Saturday, December 22, 2018

Office Supply Battle

Last week, while volunteering at a local nonprofit organization....I got stabbed in the finger with a loose staple which was attached to an envelope I had opened. The staple stab didn't hurt as much as my shunt does when the weather changes.

I mentioned the shunt weather change issues with my new neurosurgeon during my appointment earlier this month.  The new ns had made three attempts to get me to return to the surgeon who did the last shunt revision I had in 2014.

I explained to him several times that I couldn't return to the previous surgeon because I had fired him for several reasons such as not taking any of my shunt complaints seriously ( when it was falling apart inside my body in 2014) misreading of my xrays and misdiagnosis. He had said I had heartburn when I told him I could taste cerebral spinal fluid in my mouth and could feel csf leaking out of the distal catheter in my abdomen....

Now there are pieces of my old shunt are floating around my peritoneal cavity and lodged inside the right side of my neck.

Going back to him was not an option. He ended up getting animated in one of my films.

I told the new surgeon what type of shunt I had and faxed him a copy of my medical history with all of my previous neurosurgeons and copies of my operative reports from 2009 - 2014.

Fax thru email is the best thing ever....

Copies were made in the doctors office of my x rays and CT and MRI scans which I have on CDs.

Overall, the appointment went well and I felt my voice was heard.

The surgeon told me I don't have one neurosurgeon though. When I have to have a revision, it's usually the person who is available when you get to the hospital Emergency Room that will do the surgery.

So I made sure to emphasize what had happened in my shunt revisions in 2009 and 2014 and how it wasn't going to be repeated. EVER.

This is the one thing I've become super paranoid about since my injuries in 2014.

I don't want anyone operating on me again unless it's absolutely necessary.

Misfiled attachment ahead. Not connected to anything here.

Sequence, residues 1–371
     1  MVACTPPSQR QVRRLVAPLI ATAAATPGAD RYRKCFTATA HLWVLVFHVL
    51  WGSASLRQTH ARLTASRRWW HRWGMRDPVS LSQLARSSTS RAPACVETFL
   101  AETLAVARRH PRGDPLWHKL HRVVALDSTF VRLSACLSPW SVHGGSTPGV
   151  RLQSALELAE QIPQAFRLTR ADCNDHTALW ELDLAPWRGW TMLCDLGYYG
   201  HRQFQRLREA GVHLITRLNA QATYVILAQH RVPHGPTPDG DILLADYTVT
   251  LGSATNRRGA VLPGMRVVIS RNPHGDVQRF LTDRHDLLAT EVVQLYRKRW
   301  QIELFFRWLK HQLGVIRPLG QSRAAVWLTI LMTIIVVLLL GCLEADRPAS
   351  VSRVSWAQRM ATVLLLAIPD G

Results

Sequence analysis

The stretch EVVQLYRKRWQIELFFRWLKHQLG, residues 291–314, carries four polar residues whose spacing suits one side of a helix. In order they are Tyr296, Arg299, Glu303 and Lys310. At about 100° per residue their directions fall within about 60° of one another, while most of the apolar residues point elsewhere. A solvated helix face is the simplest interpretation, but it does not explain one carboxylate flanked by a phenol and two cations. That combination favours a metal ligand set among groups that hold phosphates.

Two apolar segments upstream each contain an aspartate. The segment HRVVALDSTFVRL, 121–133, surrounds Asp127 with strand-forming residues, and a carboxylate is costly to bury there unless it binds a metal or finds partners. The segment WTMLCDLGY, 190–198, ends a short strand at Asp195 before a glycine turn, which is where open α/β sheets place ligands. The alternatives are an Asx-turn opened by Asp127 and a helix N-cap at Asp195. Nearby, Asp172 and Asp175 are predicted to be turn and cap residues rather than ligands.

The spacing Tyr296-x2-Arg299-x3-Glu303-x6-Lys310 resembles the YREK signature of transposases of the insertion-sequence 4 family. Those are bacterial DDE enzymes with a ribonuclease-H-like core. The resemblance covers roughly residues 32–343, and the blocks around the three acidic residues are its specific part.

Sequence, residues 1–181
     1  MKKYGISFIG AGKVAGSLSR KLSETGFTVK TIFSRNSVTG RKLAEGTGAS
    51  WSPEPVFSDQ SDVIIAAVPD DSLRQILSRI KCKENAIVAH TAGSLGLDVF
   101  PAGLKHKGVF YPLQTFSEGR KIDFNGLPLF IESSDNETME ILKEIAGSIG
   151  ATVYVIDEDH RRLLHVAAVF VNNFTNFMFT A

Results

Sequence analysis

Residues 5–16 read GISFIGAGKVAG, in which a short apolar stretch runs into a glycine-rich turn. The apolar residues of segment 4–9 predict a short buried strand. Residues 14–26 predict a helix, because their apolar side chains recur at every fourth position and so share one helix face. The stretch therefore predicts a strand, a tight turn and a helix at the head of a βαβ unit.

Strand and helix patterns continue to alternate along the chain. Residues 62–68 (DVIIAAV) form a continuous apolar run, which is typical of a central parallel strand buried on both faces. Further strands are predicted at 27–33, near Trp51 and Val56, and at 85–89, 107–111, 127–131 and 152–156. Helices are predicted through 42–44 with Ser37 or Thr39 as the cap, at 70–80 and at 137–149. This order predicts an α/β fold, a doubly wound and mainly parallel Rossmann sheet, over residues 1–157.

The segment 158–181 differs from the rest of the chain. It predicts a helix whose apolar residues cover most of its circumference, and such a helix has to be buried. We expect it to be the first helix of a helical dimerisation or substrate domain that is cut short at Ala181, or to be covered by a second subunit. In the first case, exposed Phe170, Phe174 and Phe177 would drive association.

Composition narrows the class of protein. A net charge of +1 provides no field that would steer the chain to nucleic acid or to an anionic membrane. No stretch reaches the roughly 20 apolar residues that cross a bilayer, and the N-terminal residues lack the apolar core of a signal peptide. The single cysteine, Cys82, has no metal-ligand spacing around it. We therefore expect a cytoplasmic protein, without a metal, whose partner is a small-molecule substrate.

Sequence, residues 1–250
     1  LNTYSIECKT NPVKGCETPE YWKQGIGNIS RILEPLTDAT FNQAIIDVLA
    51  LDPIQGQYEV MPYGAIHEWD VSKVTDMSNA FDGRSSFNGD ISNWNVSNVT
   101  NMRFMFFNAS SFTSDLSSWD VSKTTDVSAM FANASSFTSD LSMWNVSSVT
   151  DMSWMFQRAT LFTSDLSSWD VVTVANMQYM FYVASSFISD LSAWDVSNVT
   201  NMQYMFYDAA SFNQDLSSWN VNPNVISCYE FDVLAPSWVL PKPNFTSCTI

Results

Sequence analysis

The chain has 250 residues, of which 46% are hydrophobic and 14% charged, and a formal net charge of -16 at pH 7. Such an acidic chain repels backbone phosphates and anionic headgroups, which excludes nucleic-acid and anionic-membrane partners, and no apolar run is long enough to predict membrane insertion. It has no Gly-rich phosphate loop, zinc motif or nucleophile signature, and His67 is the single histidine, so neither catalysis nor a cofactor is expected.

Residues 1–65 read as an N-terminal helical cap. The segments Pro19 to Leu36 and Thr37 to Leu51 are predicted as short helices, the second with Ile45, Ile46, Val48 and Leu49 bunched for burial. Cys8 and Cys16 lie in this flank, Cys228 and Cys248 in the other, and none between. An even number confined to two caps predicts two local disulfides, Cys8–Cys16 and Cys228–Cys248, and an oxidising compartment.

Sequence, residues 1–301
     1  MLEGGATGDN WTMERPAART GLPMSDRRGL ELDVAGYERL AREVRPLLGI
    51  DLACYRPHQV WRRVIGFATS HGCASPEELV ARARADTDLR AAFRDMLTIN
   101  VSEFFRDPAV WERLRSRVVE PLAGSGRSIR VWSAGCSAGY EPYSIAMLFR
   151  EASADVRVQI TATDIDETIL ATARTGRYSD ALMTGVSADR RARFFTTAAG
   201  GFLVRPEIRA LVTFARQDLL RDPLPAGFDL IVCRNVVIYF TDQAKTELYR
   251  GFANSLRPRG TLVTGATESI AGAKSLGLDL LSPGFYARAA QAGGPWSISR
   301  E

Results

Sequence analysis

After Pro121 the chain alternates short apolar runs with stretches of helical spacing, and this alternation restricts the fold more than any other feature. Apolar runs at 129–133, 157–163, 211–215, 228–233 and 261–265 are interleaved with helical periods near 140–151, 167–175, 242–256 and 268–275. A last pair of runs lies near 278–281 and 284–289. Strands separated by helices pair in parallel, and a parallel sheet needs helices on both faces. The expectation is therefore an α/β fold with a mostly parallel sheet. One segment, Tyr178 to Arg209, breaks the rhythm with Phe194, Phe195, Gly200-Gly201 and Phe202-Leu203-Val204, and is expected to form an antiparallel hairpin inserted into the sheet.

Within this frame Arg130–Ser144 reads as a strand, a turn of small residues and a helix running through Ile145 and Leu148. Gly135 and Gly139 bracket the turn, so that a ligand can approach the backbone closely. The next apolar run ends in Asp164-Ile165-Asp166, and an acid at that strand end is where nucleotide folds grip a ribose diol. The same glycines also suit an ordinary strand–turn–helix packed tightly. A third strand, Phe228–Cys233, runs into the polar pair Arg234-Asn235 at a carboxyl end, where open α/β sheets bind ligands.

I'd rather have a cut finger wrapped in a bandaid then have to endure more brain surgery.

When I volunteer now, I'm carrying a small first aid kit in the event of more battles with office supplies....or anything else I encounter in the field.












Saturday, November 10, 2018

About brain time

I finally got an appointment to see a new neurosurgeon. I've been calling their offices for a little over six months. I kept getting the 'run around' with whichever receptionist was on the other end of the phone. For some reason each time I called, the person on the other end was very short with me and dismissive. In other words "well, if you're not having surgery, then you don't need to see the neurosurgeon.'

The only different this time, was I had a referral to see a neurosurgeon from my neurologist.
Rainbow from street.

I wasn't about to take 'no' for an answer, either. The last time I didn't have a neurosurgeon ( and whoever was available performed surgery ) my shunt was placed on the wrong side of my brain and stayed like that for five years until it was finally repaired (twice) in 2014.

I don't want to have surgery again unless it's absolutely necessary.

I also have some trust issues I'm still working on...

Yay!! For me for being persistent! I also saw a rainbow earlier in the week before I achieved success in getting my Dr. appointment.

I saw this as a good omen....

Wednesday, October 17, 2018

Brain Sandwich

Brain shaped sandwiches at this months support group meeting,